When Jonathan Gagne ‘19 began his undergraduate degree, he was interested in business and nature. He stumbled upon a degree in environmental and resource economics and knew this program, and UNH, was for him. He added a dual major in ecogastronomy after attending a guest lecture.
“I was always interested in food and the lecture inspired me to learn more. I became fascinated by the power of agriculture and global food systems,” Gagne says. His studies took him to Italy and when he returned the spring of his junior year, he began to think about planning for his future career. “I always worked, but never had an internship and I knew the experience would be helpful when applying for a full-time job. I was in an art history class and saw a notice on the board for UNH’s Social Innovation Internship program.”
The rest was kismet.
“I looked at the placements and was drawn to the opportunity to work with Hannaford. Hannaford was my local grocery store growing up and the position description combined all of my interests into one experience,” Gagne says. “I only applied to one internship even though we were encouraged to apply to multiple positions.”
Gagne received the internship and had an amazing experience. He worked with Hannaford Supermarkets' sustainability team to conduct a company-wide plastic audit and presented key findings to the CEO and corporate leaders. His advisor was collaborative and ensured that Gagne was supported, able to grow professionally, and build meaningful connections.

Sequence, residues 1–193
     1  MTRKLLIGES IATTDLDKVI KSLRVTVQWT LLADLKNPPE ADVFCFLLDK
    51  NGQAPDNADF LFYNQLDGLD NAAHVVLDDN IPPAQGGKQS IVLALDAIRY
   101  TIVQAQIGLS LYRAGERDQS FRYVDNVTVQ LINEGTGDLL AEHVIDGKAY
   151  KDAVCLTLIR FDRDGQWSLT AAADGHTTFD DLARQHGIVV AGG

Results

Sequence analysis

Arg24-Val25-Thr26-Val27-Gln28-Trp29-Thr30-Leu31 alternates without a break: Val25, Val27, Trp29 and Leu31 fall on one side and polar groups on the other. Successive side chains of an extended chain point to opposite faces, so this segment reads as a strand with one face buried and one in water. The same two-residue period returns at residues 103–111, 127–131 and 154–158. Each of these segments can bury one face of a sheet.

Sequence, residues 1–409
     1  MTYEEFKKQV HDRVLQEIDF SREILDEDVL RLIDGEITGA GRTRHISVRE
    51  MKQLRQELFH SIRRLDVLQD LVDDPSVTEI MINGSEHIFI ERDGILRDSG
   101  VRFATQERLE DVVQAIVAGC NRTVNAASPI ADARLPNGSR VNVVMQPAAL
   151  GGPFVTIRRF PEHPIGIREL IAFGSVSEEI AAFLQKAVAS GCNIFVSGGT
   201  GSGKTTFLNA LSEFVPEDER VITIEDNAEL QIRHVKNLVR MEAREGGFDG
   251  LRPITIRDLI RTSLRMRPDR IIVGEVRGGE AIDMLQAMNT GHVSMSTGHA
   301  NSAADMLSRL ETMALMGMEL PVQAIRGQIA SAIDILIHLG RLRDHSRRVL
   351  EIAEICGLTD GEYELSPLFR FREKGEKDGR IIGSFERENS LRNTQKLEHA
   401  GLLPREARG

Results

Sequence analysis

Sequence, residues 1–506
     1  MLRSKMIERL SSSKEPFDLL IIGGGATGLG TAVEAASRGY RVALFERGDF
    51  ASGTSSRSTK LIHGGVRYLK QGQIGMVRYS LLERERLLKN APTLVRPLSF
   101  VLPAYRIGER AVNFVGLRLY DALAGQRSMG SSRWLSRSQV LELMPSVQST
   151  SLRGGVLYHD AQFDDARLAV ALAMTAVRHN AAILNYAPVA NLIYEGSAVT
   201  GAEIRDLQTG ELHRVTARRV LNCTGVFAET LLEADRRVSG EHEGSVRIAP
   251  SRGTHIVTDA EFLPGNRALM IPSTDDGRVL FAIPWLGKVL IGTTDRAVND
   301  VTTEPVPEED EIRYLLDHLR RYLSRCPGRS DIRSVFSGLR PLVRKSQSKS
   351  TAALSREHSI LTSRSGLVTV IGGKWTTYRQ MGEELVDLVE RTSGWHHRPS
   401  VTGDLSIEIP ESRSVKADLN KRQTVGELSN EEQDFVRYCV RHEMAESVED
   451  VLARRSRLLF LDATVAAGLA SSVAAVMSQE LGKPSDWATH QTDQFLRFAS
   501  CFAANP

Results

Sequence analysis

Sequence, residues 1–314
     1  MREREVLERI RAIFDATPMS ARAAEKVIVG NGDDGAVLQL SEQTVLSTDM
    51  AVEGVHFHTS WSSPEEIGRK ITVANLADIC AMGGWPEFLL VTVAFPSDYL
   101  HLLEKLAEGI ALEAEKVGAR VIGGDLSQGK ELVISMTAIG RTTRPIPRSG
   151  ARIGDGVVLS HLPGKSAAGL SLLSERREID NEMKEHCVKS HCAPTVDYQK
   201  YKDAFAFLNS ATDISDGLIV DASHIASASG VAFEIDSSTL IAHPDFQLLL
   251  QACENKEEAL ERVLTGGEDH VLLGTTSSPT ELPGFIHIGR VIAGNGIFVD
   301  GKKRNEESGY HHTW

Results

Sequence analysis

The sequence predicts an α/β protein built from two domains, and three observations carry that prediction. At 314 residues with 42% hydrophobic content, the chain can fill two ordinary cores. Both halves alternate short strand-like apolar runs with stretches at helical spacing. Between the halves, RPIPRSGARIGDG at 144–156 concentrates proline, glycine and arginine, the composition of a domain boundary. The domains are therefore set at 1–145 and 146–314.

His connection with the Center for Social Innovation & Enterprise was the gift that kept on giving. In his senior year, Gagne mentored younger students interested in high-impact programs as a changemaker education coach. He was motivated to enter, and was one of eight finalists in the 2019 Social Venture Innovation Challenge. He built upon the knowledge and experience gained during his internship to tackle the issue of waste on college campuses, designing a plastic-free shopping experience called SUDS for students.
Gagne graduated in December, but thanks to the new collaboration with the Center for Social Innovation & Enterprise and the Sustainability Institute, he now has the opportunity to work on a short-term project to help UNH maintain its platinum sustainability status. He is working with campus partners to revamp the surplus items system which will aid in diverting excess materials from landfills.
“I’m helping to create procedures to ensure good work has a foundation on which we can build. We want surplus furniture to be cataloged and donated appropriately. This will help our STARS rating and is the right thing to do,” Gagne says. He is energized by the opportunity to learn more and give back to his alma mater. “UNH is doing so much to be sustainable. I hope that by sharing the work everyone does, this might give people inspiration to get involved.”